The way I see it, if you want the rainbow, you gotta put up with the rain
~ Dolly Parton ~

Now I know it sounds silly and childish, but I always get a thrill when I see a rainbow. To me it's a symbol of hope. I mean, rainbows are not just pretty, they make me feel like good things are coming. This is not very rational thinking, of course. But - unabashedly, I admit - many of the best things in my life are not based on logic or reason... So there you go... [now what would Dr. Spock or Spock & Tuvok say, I wonder]

So okay, maybe I do need to hop off that silly carousel. Be more mindful of the need for reality to balance my addiction to whimsy. Let cold hard facts weigh in objectively for a more grounded perspective. Oh, very well then, here we go...

Rainbows are an optical phenomena. They are caused by light bouncing off the insides of raindrops. The colours occur because different colours (wavelengths) of light are refracted by different amounts. This all, I understand from Unweaving the Rainbow: Science, Delusions and the Appetite for Wonder.

By the way, this book is really more about the position of science in general in our culture, than it is about science. The title comes from Newton's discovery that the rainbow is not a mystical bridge to a pot of gold, but light split up into its elements.

I feel so damn cheated. Where got that 'fantastical boof of fairyfloss' waiting? :-S But well, airy-fairy aside, I suppose, you can't possibly get nerdier than Newton. Trust him to take away the beauty of a rainbow by explaining the science behind it. I'll take ole man Dr Seuss anytime!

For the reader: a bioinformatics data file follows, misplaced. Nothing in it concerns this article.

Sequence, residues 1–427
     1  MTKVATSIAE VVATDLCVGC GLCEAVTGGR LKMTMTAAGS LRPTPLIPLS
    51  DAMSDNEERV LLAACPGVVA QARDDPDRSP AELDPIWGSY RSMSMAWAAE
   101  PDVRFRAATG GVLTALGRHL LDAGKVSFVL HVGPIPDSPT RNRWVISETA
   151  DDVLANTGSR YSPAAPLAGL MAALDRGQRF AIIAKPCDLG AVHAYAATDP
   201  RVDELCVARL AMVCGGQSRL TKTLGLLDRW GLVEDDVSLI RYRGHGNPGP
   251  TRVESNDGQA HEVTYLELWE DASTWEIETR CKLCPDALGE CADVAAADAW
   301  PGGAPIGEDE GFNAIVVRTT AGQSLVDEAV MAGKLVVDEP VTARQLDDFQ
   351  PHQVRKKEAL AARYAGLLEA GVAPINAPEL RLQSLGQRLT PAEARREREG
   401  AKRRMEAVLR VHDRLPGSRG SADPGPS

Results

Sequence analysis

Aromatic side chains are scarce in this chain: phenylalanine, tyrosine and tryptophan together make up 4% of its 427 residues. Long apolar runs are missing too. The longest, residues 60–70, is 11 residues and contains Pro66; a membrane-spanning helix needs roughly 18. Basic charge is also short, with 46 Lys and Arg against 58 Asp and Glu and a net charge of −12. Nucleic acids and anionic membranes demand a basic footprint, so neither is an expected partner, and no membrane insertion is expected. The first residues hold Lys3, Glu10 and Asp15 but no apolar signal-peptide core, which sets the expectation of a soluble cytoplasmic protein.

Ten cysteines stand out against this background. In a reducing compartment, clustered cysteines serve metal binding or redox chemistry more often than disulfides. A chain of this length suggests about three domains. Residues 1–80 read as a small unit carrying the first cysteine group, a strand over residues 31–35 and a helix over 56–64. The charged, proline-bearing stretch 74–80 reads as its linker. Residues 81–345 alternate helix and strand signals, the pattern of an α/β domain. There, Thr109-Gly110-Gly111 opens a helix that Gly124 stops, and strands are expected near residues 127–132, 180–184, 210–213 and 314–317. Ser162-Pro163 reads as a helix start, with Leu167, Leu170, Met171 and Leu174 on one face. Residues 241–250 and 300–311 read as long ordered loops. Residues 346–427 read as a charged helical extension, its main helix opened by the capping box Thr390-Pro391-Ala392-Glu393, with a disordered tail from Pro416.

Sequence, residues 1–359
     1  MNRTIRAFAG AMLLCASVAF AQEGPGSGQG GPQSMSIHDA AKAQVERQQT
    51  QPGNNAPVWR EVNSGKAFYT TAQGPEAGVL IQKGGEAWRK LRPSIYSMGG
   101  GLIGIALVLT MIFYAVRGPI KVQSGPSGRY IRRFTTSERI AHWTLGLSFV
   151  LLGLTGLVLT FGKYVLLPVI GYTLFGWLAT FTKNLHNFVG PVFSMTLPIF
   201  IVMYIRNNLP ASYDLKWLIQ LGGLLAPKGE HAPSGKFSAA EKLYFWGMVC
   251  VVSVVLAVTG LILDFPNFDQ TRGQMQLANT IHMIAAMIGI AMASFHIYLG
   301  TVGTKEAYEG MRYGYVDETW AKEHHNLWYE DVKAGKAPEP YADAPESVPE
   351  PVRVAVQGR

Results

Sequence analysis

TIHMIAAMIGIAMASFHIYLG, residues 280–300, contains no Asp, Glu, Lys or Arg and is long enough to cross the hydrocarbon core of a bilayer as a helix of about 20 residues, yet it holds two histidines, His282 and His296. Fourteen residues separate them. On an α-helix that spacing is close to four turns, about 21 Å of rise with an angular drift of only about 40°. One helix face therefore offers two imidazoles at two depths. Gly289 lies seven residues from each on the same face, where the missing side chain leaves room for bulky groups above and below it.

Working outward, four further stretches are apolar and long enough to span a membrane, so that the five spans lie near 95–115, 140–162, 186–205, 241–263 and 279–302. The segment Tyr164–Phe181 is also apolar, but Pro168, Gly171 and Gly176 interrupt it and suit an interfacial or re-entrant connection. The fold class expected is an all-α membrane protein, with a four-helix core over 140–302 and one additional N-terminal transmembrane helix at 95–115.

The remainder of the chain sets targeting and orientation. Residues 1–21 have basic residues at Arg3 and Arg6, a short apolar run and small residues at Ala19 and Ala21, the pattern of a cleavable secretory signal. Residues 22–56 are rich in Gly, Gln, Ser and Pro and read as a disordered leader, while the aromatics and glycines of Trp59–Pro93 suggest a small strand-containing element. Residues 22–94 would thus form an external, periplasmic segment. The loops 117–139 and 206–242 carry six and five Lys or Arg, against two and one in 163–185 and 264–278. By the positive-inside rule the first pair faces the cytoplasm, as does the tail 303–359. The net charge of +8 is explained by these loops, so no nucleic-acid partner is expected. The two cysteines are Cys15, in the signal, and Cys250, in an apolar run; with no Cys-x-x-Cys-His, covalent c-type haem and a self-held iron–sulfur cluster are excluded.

Anyhow, in these things, brains trump fairy floss. Anytime, everytime.

Dawkins (of The Selfish Gene fame, and who, some critics have labelled, imo ironically, a 'greedy reductionist') makes the point that understanding something and seeing it for what it really is does not diminish the experience, but makes it even more beautiful. Douglas Adams (who wrote the critically acclaimed The Hitchhiker's Guide to the Galaxy) also addressed the issue:

"I will take the awe of understanding over the awe of ignorance any day."

He brilliantly adds that, understanding where we come from, who we are related to and how this vast, complex gene machine works does not make us less human or special. All it does is bring us closer to the world around us.

Why can't the fact that white light contains the full spectrum of beautiful colors be amazing?
Do we have to leave the world unexplained to appreciate it?

Why, indeed.

Because Ordinary Me have found what some unknown person of obscure origins once said to be not only true, but validated. Throughout my entire (unbrilliant) life. Over and over again.

"Experience is a hard teacher because she gives the test first, the lesson afterwards,"

Does logic preclude or predispose the need for creativity and imagination? Tell me, who can deny that our complex universe is an astounding, majestic marvel?

The mere contemplation of its vastness and grandeur causes our heads (most especially airy ones like mine) to spin. It is after all, our appetite for wonder that drives us to explore, discover and investigate the marvellous natural phenomena that never fail to astound and intrigue us, to tease and to egg us on. And to push and stretch the limits of our imagination. And thus, our very limited understanding of our ourselves, our existence, our lives, our world and other worlds.